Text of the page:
Meet the 93-year old man behind India's Statue of Unity!Nov 02, 2018
Ram Sutar, 93, is the sculptor behind the magnificent 522ft Statue of Unity of Sardar Patel and also the 400ft Chhatrapati statue in Mumbai.
As a young-adult, Ram Sutar had been fixated by the Statue of Liberty in USA, not just by what it meant, but also by how tall it stood on the Liberty Island. Since then, the sculptor had known that he wanted to dwarf Frederic Auguste Bartholdi’s Liberty statue, which stands at 305ft.
Now at 93, his lifelong ambition has been fulfilled this week, when the Indian Prime Minister Narendra Modi inaugurated Sardar Patel’s ‘Statue of Unity’ on an island near Sardar Sarovar Dam. For Mr Sutar, it is a proud moment, as he says ‘It is almost double the size of the Liberty Statue in Liberty Island, USA’ while sitting in his Noida studio which he fondly calls a ‘statue factory’. This is because people can see gigantic fiberglass statue models popping out the busy studio.
Sutar was already known as India’s tallest sculptor for his work on Chhatrapati statue in Mumbai, even before he was commissioned for Sardar Patel statue back in 2014. To his credit, the sculptor has over 800 statues created, primarily in bronze over a seven-decade career. Melia Belli Bose, who works as an assistant professor of Asian art history at the University of Texas at Arlington, commented about Sutar in her interview to the New York Times, as: “It is impossible to know if he’s the most prolific monumental sculptor in human history, but if he’s not, he must to be pretty close. He’s certainly the most prolific of the last century [that we know of],”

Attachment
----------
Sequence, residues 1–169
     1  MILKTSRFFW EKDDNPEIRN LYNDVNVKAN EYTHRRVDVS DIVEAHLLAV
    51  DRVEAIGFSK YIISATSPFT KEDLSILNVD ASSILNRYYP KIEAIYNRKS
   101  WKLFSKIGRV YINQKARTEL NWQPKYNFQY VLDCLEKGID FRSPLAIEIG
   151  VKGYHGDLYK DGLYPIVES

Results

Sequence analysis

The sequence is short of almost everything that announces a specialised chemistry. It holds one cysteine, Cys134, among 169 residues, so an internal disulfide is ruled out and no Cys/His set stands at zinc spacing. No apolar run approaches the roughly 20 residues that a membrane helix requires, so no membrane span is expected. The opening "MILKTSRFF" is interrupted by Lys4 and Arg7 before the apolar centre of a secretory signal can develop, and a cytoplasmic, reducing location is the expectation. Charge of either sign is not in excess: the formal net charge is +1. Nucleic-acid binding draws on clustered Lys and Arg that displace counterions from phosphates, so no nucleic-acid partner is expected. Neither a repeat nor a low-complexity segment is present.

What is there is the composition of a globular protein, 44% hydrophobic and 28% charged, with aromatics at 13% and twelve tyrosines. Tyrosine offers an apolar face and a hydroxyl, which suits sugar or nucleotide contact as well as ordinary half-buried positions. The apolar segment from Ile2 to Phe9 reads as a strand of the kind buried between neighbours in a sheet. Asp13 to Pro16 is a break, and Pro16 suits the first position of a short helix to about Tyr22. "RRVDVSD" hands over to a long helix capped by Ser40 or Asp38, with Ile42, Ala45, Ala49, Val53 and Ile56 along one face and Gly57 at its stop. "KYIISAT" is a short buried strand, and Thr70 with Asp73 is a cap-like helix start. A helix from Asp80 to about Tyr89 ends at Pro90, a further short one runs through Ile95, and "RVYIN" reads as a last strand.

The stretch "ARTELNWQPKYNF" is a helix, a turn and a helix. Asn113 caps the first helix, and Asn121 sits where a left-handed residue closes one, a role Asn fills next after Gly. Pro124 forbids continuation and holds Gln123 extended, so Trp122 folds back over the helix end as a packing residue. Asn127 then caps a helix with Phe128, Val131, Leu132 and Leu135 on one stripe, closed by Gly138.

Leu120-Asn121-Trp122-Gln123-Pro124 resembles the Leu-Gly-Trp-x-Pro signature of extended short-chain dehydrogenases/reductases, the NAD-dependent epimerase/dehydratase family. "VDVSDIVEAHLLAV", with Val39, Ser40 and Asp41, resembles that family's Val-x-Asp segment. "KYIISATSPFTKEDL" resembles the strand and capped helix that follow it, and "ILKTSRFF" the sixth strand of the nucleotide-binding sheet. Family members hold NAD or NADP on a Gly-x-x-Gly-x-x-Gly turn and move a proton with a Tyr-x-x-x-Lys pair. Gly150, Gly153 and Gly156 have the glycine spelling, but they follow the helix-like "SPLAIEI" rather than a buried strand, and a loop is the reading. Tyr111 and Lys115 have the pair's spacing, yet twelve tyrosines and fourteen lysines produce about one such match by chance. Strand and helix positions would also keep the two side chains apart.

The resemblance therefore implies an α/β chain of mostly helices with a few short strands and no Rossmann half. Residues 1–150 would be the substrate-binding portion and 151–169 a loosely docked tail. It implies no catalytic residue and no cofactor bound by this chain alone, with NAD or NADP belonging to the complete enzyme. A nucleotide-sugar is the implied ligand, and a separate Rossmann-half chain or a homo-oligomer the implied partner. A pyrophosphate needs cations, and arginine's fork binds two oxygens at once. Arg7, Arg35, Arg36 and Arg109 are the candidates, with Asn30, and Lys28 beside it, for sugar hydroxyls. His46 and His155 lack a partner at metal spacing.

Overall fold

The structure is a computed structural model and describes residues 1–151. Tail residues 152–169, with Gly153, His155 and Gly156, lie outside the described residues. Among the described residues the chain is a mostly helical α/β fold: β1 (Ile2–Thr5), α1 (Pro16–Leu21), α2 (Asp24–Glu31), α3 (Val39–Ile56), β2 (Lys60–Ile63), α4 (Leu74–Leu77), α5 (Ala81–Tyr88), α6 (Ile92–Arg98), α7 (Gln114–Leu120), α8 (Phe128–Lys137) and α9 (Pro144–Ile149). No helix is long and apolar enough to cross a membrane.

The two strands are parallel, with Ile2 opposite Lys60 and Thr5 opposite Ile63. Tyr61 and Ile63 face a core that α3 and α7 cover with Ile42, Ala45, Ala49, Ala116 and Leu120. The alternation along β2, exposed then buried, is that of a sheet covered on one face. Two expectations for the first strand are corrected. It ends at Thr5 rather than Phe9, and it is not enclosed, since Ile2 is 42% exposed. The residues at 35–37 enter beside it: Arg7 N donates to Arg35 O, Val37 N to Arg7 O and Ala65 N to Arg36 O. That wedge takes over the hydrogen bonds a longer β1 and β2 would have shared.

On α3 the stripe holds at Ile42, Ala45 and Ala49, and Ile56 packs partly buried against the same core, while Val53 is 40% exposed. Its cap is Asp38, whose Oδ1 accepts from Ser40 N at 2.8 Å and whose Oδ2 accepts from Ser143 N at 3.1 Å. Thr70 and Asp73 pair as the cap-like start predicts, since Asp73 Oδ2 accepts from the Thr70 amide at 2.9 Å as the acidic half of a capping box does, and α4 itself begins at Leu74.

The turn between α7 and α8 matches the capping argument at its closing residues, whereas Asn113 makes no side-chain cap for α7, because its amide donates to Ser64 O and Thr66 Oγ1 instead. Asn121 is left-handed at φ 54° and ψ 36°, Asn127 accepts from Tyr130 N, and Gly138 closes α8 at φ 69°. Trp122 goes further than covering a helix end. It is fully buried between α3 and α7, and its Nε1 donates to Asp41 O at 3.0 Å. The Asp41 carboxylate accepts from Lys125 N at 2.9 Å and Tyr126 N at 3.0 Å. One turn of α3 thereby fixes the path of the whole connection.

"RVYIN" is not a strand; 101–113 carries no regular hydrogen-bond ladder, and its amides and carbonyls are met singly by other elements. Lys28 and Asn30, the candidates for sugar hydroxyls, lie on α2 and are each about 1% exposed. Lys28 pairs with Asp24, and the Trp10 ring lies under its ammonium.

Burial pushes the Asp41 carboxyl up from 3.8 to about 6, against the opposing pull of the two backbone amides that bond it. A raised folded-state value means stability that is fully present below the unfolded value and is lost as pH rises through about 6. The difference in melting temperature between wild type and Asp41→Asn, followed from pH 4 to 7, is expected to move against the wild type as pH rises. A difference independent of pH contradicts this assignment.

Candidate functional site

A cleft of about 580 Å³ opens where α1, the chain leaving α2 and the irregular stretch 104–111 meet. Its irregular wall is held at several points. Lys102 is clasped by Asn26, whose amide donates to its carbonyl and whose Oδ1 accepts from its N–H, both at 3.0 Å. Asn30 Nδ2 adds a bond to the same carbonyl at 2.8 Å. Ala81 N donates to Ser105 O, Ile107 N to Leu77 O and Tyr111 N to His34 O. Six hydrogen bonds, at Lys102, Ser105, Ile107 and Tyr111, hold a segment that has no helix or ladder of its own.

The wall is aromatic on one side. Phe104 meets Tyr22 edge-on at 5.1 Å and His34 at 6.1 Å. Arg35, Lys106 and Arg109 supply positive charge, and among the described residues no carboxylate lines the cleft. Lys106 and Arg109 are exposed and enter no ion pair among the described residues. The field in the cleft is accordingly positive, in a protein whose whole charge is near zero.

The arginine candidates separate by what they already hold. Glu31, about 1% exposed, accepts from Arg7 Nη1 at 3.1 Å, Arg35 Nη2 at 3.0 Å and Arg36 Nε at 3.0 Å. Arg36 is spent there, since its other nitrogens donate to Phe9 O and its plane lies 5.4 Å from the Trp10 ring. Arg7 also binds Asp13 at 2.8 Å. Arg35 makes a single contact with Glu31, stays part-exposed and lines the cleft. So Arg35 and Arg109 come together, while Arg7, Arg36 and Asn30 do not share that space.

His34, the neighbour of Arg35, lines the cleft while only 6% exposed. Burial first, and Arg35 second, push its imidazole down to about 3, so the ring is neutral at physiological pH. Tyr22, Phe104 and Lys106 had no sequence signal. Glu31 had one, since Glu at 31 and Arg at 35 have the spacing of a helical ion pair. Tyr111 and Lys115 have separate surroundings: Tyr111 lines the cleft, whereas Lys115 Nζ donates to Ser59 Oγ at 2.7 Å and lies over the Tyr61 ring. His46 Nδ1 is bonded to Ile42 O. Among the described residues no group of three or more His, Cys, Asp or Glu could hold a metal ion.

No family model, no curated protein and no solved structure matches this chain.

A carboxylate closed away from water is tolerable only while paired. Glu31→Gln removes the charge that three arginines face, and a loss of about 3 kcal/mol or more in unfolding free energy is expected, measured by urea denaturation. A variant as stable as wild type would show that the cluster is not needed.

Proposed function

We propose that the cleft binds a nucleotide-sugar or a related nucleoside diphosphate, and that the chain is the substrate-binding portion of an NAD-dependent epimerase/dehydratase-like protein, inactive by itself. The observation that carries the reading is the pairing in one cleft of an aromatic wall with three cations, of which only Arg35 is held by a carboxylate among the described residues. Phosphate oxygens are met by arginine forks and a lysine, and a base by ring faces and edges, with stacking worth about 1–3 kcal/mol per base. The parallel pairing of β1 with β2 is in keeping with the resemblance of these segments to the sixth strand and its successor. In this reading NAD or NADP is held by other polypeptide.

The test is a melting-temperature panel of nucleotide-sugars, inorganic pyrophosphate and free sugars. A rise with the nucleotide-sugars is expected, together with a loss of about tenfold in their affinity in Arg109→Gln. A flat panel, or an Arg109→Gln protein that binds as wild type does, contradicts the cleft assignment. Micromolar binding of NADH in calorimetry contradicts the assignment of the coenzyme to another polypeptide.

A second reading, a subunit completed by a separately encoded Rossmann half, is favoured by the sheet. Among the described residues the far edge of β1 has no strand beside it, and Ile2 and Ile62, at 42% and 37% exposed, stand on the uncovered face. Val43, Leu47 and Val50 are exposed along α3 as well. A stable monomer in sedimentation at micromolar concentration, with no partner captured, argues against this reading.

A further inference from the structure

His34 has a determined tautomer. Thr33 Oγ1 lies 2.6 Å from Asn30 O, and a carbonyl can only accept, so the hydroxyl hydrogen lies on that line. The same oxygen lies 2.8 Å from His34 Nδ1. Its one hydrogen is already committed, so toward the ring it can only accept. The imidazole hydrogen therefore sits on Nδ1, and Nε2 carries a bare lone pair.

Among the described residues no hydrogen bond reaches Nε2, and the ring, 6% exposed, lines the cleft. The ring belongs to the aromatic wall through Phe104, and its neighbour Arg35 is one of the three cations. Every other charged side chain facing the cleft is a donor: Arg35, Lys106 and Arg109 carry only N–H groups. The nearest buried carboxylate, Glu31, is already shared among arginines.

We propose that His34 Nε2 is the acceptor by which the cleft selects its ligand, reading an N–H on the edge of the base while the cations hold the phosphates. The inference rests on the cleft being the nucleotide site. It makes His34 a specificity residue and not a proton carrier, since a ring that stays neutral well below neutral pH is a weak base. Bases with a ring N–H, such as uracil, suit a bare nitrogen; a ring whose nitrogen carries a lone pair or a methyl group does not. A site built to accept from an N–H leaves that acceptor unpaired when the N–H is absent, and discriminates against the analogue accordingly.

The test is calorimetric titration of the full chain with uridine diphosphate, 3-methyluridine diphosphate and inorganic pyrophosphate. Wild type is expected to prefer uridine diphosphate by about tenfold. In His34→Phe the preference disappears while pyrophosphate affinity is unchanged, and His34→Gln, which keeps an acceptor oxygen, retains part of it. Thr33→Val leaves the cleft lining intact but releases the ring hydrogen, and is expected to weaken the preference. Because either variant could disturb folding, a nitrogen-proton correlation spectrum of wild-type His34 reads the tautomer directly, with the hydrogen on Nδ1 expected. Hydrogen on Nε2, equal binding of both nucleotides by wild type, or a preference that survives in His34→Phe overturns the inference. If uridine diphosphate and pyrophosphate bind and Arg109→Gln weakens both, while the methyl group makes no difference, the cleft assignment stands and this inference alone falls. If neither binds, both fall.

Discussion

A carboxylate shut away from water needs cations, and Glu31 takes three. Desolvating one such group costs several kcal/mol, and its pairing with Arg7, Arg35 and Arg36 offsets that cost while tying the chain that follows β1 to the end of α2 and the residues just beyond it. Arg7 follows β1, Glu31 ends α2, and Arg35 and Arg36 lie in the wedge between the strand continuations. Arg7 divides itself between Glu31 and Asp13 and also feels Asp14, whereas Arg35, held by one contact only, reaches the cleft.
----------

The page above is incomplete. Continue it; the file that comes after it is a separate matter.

Sutar admits that not all achievements have come easy. He notes that the Statue of Unity is by far the toughest project he has undertaken. To his collection, his tallest statue was a 45 feet ‘Goddess Chambal’ in Madhya Pradesh back in 1959. “Getting the personality, the pose, the facial expressions, drapery right is a formidable challenge when you design a 522 feet statue,” he said. “Every muscle has to be sculpted finely with the right texture,” he added noting that it took a year to create the final model of the late leader’s statue.
Anil Sutar, 61, son of Ram Sutar, also a sculptor and an architect, said that the statue started as a 3 feet model at his father’s studio, which was enlarged to an 18 feet clay model, later to a 30 feet clay model. All this was enlarged to a thermocol model using the help of 3D imaging.
While the sculptor designed in his Noida studio, it was sent to a foundry in China to cast it in bronze. “About 177 tonnes of bronze was used in casting the statue,” notes Anil Sutar. The father and son duo has made numerous trips to China in the last three years to supervise the making of the final model and the casting in bronze. This was later shipped to Gujarat at the site and assembled.
Anil replies to critics questioning the need to make the casting in China that though his foundry in Sahibabad can handle nearly 10 tonnes of casting in bronze, no foundry in the country has the capacity to cast a statue of this scale. “In China, they have the tradition of casting 400 feet Buddha statues, and have big foundries,” which was much needed to cast a statue of this mammoth size in such a short time.
Despite the statue’s immense news coverage, Sutar is familiar that not all coverage surrounding the statue to be positive. But he confesses that he hopes that the Statue of Unity, would one day unify his compatriots in glorifying the late leader who was formative in the country’s unification post-independence. When questioned about the astronomical cost that this project had incurred in a country of large pockets of poor people, he quips, Taj Mahal wouldn’t have been a possibility if the makers worried about costs. Whether critics and people would agree with Sutar – this is a herculean task, one only time and his sculptor would be part of.